Do you plan to apply for a mortgage in 2024? Taking proactive steps to prepare your application now could make securing a mortgage less stressful and may even help you access a competitive deal.
Over the last two years, mortgage holders have faced some challenges, so it’s even more important to prepare your application than it may have been in the past. When applying for a mortgage, you may face these three potential issues:
- Rising interest rates: To tackle high inflation, the Bank of England has increased its base interest rate, which has affected mortgage repayments. If you’re taking out a new deal, it’s important to be aware of how your repayments could change as a result. Searching for a deal that suits your needs and offers a competitive interest rate could also save you money.
- Stringent mortgage affordability tests: In response to rising interest rates, some lenders have changed their criteria. They may carry out more stringent affordability tests, which could affect the amount you can borrow through a mortgage. As a result, understanding which lenders are right for you could make securing a mortgage quicker and smoother.
- Short shelf life of mortgage deals: According to Moneyfacts, in November 2023, the average shelf life of a mortgage deal was just 20 days. While up from a record low of 12 days in July 2023, it may still mean mortgage borrowers feel pressure to act quickly or face having a deal that could be right for them removed from the market.
Whether you’re a first-time buyer or will be remortgaging in 2024, here are five practical steps you might take before it’s time to apply.
1. Check your credit report
If you’ll be taking out a mortgage in 2024, don’t delay reviewing your credit report. It can take several months for changes to show up, so it’s a task that could be useful to tackle right away.
Lenders will carry out a credit check to assess how likely you are to default on mortgage repayments. The information in your report could affect how much you may borrow, the interest rate you’ll pay, or even whether your application is accepted.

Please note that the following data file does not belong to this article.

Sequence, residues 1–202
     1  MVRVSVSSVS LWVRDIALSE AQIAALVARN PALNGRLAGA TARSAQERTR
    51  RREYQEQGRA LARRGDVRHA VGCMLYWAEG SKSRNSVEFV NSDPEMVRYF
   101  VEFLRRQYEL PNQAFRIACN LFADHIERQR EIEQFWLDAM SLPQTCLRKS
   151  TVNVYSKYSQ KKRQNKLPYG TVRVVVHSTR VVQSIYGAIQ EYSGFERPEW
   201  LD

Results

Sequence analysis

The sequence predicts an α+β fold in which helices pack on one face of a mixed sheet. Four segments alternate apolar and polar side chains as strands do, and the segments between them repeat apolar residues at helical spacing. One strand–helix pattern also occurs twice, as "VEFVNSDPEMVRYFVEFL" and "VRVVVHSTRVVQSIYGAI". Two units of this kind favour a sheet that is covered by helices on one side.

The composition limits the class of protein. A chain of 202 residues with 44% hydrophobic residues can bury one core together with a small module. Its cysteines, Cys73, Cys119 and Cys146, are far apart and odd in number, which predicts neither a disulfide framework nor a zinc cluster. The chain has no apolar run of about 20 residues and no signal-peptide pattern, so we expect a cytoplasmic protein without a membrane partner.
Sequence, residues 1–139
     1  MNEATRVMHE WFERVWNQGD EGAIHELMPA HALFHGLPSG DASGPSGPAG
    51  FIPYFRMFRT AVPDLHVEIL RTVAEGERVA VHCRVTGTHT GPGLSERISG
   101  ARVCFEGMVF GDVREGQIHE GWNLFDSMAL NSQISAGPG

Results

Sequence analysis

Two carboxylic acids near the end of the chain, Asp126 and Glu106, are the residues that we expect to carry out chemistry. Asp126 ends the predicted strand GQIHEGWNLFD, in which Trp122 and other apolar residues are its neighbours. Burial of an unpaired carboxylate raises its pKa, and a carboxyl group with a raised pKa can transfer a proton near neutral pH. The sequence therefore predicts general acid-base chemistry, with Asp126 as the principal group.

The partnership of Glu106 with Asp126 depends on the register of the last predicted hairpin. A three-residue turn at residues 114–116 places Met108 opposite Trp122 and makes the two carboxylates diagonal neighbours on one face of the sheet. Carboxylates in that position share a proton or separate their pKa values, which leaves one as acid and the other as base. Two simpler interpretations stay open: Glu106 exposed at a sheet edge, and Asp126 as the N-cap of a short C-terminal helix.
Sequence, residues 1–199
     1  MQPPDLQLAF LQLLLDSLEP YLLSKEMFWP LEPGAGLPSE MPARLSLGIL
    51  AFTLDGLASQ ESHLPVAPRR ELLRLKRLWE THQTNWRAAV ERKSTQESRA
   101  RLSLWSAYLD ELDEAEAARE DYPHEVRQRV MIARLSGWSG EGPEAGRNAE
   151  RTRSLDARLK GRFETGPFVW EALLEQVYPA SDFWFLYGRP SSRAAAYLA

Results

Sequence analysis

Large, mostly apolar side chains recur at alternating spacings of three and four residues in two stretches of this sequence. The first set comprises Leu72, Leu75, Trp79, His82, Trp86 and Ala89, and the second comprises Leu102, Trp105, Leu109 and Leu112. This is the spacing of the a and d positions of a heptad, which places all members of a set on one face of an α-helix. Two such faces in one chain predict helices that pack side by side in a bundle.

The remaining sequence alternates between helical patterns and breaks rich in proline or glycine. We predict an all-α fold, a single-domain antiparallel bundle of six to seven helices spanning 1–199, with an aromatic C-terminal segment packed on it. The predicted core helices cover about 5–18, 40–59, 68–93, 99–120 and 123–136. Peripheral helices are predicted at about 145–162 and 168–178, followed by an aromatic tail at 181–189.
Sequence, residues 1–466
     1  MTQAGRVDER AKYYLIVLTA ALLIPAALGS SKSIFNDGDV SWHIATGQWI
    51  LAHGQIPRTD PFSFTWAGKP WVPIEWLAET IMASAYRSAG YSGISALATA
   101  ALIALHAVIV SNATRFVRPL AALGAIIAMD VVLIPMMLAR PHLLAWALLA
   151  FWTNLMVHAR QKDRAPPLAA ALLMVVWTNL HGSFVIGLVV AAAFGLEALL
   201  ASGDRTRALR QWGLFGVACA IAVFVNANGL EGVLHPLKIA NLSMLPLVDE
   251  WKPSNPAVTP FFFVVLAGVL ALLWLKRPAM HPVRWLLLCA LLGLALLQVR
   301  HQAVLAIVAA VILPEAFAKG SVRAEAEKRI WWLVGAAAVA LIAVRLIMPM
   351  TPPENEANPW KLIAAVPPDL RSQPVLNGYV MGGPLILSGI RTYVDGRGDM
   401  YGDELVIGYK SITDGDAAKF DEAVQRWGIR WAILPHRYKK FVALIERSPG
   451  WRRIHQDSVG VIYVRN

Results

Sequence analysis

You can review your credit report for free and it won’t affect your credit score.
A good place to start is to check that all the information contained in the report is accurate. You can contact the credit reference agency to correct mistakes, such as if your address is wrong or you’re financially linked to an ex-partner.
It might also be valuable to see what steps you could take to improve your credit score. Simple tasks like registering on the electoral roll or closing unused accounts could provide a boost. There may be other measures you could take too, such as reducing debt.
2. Calculate your loan-to-value ratio
The loan-to-value (LTV) ratio compares the value of your home to outstanding mortgage debt. Typically, the lower your LTV, the more competitive the interest rate a lender will offer.
If you’re a first-time buyer, understanding your LTV means reviewing your deposit. If you’ll be using a 10% deposit, your LTV would be 90%.
If you already own a property and will be taking out a new mortgage or moving, understanding the value of your home may be useful. As well as your repayments reducing outstanding debt, how the value of your home has changed could affect the LTV. For example, if the value of your home has increased, your LTV may be lower than you expect.